the memory.
Memory Size 20x32
00100000010000000010000001000000
00000001000000010000000100000001
00000010000000100000001000000010
00000011000000110000001100000011
00000100000001000000010000000100
00000101000001010000010100000101
00000110000001100000011000000110
00000111000001110000011100000111
00001000010010000000100001001000
00001001010010010000100101001001
00001010010010100000101001001010
00001011010010110000101101001011
00001100000011000000110000001100
00001101001011010000110100101101
00001110001111100000111000111110
00001111001111110000111100111111
00010000000100000001000000010000
00010001000100010001000100010001
00010010000100100001001000010010
00010011000100110001001100010011
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5.1.2. Hex File
The hex file is a text file of hexadecimal characters arranged in a similar row-column arrangement. The number of rows
in the file is the same as the number of address locations, with each row indicating the content of the memory location.
Memory Size 8x16
A00
1
0B0
3
1004
CE0
6
000
7
040A
0017
02A4
5.1.3. Addressed Hex
Addressed hex consists of lines of addresses and data. Each line starts with an address, followed by a colon, and any
number of data. The format of the file is “address: data data data data” where the address and data are hexadecimal
numbers.
A0 : 03 F3 3E 4F
B2 : 3B 9F
In the example above, the first line shows 03 at address A0, F3 at address A1, 3E at address A2,and 4F at address A3. The
second line shows 3B at address B2 and 9F at address B3.
There is no limitation on the address and data values. The value range is automatically checked based on the values of
addr_width and data_width. If there is an error in an address or data value, an error message is printed. It is not
necessary to specify data at all address locations. If data is not specified at a certain address, the data at that location is
initialized to 0. SCUBA makes memory initialization possible both through the synthesis and simulation flows.
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References
For more information, refer to the following documents:
 DS1055, CrossLink Family Data Sheet
 TN1301, CrossLink High-Speed I/O Interface
 TN1302, CrossLink Hardware Checklist
 TN1303, CrossLink Programming and Configuration Usage Guide
 TN1304, CrossLink sysCLOCK PLL/DLL Design and Usage Guide
 TN1305, CrossLink sysI/O Usage Guide
 TN1307, Power Management and Calculation for CrossLink Devices
 TN1308, CrossLink I2C Hardened IP Usage Guide
 TN1309, Advanced CrossLink I2C Hardened IP Reference Guide
Technical Support Assistance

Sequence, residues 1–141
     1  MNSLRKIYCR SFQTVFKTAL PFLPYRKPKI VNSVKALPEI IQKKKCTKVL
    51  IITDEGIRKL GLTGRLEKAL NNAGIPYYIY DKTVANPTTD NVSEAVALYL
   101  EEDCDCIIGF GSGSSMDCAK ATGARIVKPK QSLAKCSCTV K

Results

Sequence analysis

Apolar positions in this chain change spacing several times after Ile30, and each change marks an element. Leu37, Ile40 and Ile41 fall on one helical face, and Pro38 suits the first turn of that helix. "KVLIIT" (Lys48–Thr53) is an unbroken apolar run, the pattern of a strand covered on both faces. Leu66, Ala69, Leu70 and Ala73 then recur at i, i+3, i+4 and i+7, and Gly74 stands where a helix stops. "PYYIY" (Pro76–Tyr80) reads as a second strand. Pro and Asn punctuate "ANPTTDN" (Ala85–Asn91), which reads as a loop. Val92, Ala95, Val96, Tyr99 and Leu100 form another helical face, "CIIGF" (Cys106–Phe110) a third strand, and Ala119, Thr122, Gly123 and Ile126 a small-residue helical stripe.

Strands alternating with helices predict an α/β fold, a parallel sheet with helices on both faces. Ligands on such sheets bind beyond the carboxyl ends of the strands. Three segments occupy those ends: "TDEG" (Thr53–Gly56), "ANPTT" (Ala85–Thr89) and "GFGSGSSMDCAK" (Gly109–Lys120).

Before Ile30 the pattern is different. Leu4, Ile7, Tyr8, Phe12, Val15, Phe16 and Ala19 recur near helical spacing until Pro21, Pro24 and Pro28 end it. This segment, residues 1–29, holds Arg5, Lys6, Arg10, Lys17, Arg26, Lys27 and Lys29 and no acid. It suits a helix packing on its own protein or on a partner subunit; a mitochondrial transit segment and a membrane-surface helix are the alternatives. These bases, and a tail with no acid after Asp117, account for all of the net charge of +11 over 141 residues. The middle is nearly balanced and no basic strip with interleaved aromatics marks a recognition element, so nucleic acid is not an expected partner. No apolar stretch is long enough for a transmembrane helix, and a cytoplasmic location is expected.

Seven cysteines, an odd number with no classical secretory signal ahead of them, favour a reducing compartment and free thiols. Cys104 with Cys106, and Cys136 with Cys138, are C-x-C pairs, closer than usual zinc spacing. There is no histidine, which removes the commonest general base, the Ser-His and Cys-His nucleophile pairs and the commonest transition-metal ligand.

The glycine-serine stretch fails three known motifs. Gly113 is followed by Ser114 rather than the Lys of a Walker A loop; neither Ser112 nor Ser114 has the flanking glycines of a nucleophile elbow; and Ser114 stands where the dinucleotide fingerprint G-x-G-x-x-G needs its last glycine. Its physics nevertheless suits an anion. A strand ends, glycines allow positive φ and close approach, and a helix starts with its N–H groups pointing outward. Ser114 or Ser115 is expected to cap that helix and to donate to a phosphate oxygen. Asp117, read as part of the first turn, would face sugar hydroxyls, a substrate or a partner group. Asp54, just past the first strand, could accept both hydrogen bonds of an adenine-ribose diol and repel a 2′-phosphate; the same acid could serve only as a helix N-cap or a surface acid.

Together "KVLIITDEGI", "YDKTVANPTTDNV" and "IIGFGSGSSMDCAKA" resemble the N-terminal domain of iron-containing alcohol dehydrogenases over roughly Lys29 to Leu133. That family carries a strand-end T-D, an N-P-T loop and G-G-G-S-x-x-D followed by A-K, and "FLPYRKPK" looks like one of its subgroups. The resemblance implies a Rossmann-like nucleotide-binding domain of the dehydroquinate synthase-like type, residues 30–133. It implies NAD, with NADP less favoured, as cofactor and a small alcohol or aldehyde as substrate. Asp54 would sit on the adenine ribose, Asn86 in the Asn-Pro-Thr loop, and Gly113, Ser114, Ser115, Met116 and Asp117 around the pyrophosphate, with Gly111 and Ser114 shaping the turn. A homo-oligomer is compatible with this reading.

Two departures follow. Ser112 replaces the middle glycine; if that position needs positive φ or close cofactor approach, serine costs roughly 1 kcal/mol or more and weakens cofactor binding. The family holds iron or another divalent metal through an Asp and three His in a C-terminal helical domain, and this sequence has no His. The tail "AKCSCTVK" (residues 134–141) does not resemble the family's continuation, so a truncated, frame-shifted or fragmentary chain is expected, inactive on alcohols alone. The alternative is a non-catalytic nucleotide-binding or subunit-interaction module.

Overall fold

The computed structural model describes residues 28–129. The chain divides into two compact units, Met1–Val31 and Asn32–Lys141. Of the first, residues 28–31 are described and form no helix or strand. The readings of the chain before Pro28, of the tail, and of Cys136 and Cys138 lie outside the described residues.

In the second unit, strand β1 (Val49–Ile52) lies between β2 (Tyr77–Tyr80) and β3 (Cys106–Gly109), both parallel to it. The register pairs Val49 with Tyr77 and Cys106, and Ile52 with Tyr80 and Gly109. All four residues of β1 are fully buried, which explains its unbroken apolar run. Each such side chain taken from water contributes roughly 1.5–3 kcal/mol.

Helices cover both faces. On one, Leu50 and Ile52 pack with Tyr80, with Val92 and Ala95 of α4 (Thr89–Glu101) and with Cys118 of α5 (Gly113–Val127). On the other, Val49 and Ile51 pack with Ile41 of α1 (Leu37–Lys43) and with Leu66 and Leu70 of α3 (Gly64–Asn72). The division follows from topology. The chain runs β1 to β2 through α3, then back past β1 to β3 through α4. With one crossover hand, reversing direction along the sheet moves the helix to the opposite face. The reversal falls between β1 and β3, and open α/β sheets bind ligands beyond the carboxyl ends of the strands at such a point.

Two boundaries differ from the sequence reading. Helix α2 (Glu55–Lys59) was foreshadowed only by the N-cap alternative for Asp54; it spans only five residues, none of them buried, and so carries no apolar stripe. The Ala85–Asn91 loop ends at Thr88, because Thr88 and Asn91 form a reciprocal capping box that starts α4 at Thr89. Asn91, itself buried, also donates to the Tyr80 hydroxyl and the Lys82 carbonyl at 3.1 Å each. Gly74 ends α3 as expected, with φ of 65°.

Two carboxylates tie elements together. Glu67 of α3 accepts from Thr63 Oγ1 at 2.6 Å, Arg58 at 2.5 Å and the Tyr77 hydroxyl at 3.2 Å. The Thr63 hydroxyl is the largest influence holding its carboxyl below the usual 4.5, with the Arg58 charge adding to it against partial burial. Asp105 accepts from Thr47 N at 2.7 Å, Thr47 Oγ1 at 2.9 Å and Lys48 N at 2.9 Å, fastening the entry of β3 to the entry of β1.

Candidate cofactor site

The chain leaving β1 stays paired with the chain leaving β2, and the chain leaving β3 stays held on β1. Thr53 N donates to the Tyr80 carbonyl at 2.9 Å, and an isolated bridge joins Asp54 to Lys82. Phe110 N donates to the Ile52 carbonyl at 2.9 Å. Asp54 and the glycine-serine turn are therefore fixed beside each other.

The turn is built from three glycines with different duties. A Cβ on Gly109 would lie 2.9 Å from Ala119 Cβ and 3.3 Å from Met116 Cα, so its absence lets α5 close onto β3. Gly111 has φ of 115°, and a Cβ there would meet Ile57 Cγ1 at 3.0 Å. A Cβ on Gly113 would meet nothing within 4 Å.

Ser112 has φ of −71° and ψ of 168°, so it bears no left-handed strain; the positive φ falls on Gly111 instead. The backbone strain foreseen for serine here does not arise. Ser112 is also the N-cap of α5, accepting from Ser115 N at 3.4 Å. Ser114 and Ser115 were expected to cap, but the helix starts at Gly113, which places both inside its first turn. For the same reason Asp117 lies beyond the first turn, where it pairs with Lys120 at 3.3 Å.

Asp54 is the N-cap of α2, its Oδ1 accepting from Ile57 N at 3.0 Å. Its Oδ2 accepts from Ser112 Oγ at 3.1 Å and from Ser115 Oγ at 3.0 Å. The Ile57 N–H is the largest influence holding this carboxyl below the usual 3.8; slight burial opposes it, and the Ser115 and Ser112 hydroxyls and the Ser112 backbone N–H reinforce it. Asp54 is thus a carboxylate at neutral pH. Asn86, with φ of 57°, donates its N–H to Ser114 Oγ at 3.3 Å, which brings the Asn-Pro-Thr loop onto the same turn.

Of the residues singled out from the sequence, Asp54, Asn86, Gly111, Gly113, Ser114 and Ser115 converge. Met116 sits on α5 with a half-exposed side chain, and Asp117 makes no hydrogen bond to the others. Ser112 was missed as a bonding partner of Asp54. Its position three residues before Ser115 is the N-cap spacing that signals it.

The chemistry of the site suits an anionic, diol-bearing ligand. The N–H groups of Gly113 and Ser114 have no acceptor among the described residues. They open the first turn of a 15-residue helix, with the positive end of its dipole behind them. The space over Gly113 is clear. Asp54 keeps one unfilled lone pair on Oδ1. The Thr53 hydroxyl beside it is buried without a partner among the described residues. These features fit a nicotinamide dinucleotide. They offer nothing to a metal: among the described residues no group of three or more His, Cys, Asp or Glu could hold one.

Submit a technical support case through www.latticesemi.com/techsupport.
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Appendix A. Attribute Definitions
DATA_WIDTH
Data width is associated with the RAM and FIFO elements. The DATA_WIDTH attribute defines the number of bits in
each word. It uses the values defined in the RAM size tables in each memory module.
REGMODE
REGMODE, or the Register mode attribute, is used to enable pipelining in the memory. This attribute is associated with
the RAM and FIFO elements. The REGMODE attribute takes the NOREG or OUTREG mode parameter that disables and
enables the output pipeline registers.
CSDECODE
CSDECODE or the Chip Select Decode attributes are associated with block RAM elements. CS, or Chip Select, is the port
available in the EBR primitive that is useful when memory requires multiple EBR blocks to be cascaded. The CS signal
forms the MSB for the address when multiple EBR blocks are cascaded. CS is a 3-bit bus, so it can cascade eight
memories easily.
CSDECODE takes the following parameters: “000”, “001”, “010”, “011”, “100”, “101”, “110”, and “111”. CSDECODE
values determine the decoding value of CS[2:0]. CSDECODE_W is chip select decode for write and CSDECODE_R
is chip select decode for read for Pseudo Dual Port RAM. CSDECODE_A and CSDECODE_B are used for True Dual-Port
RAM elements and refer to the A and B ports.
WRITEMODE
The WRITEMODE attribute is associated with the block RAM elements. It takes the NORMAL, WRITETHROUGH, and
READBEFOREWRITE mode parameters.
In NORMAL mode, the output data does not change or get updated, during the write operation. This mode is
supported for all data widths.
In WRITETHROUGH mode, the output data is updated with the input data during the write cycle. This mode is
supported for all data widths.
WRITEMODE_A and WRITEMODE_B are used for Dual-Port RAM elements and refer to the A and B ports in True DualPort RAM.
In READBEFOREWRITE mode, the output data port is updated with the existing data stored in the write address,
during a write cycle. This mode is supported for x9, x18 and x36 data widths.
For all modes of the True Dual-Port module, simultaneous read access from one port and write access from the
other port to the same memory address is not recommended. The read data may be unknown in this situation.
Also, simultaneous write access to the same address from both ports is not recommended. When this occurs, the data
stored in the address becomes undetermined when one port tries to write an ‘H’ and the other tries to write an ‘L’. It
is recommended that control logic be implemented to identify this situation if it occurs and do one of the following:
 Implement status signals to flag the read data as possibly invalid, or
 Implement control logic to prevent simultaneous access from both ports.
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Revision History
Date
Version
May 2016
1.0
Change Summary
First preliminary release.